# Homework Help: Laminar Flow

1. Oct 30, 2013

### Panphobia

1. The problem statement, all variables and given/known data

Finding the viscosity of oil...

2. Relevant equations

η = b/(6∏r)
Fr = -bv

3. The attempt at a solution
The question only gives a radius, mass, density of oil, and terminal velocity. Is it possible to get the viscosity with the given information?

2. Oct 30, 2013

### Staff: Mentor

Yes. This sounds like a falling ball viscometer test. It is often used to measure the viscosity of highly viscous fluids. You do a force balance on the ball, taking into account the buoyant force on the ball, the weight, and the drag force. The drag force of the fluid on the ball is given by the equations you wrote down. This is called Stokes' Law.

3. Oct 30, 2013

### Panphobia

Hmmm we haven't learned this. I will have to look it up on my own.

4. Nov 2, 2013

### Panphobia

Ok so I just saw that the velocity given was the terminal velocity so then Fr = mg, and you can figure out b and η pretty easily. What I do not understand is this, if you wanted to get the time it takes for this object to go from 0 to half the terminal velocity, how would you get the it if the acceleration of the object is not constant?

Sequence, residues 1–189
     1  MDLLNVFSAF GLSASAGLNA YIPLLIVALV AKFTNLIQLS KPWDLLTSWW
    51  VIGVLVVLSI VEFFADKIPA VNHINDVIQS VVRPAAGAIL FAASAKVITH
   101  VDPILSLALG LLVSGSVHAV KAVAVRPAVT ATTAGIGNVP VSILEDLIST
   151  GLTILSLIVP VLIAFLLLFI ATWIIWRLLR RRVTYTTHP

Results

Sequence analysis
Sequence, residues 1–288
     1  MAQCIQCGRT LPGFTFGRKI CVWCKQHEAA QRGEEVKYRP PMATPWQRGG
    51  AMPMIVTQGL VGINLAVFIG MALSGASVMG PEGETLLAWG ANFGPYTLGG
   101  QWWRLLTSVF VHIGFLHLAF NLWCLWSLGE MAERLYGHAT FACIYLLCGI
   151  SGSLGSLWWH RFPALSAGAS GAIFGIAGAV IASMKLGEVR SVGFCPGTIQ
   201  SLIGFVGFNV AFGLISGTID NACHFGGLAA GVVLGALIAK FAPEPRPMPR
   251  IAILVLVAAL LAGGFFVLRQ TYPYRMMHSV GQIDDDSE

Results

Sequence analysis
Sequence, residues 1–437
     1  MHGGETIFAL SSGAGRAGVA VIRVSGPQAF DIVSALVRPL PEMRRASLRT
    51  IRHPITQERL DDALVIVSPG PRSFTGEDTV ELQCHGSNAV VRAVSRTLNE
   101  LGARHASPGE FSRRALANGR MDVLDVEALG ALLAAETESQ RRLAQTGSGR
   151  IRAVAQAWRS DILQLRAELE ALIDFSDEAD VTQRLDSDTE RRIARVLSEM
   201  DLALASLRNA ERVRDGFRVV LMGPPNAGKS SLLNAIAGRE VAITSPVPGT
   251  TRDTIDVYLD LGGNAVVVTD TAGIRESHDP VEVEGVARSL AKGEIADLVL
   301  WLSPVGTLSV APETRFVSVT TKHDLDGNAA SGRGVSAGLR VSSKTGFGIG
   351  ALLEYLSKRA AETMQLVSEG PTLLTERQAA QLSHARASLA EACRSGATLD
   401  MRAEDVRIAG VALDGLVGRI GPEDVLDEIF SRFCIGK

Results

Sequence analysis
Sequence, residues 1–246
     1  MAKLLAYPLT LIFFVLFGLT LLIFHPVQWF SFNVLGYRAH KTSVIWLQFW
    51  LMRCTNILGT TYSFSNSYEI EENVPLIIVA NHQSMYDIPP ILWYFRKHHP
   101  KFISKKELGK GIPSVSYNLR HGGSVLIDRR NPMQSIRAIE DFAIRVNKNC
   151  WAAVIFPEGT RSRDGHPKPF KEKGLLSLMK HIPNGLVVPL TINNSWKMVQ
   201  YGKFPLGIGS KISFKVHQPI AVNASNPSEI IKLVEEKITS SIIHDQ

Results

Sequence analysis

5. Nov 2, 2013

### Staff: Mentor

$$ma = mg-6πrη v-\frac{mgρ_F}{ρ_B}$$

The last term on the right is the buoyant force. ρF is the density of the fluid, and ρB is the density of the ball material.

Chet

6. Nov 2, 2013

### Panphobia

but this has nothing to do with getting the time for the ball to get to half of terminal velocity right? the terminal velocity = 4 cm/s, so half = 2 cm/s, even if I got the acceleration of the ball at that instant, that wouldn't bring me any closer to finding the time, right? Can v(t) = -(mg*e^((-b/m)t))/b + mg/b give me the right time?

7. Nov 3, 2013

### Staff: Mentor

That's the solution to the equation I gave you with the buoyant force neglected and v(0) = 0. You did know that, in the equation I gave you, you were supposed to substitute a = dv/dt, right?

Chet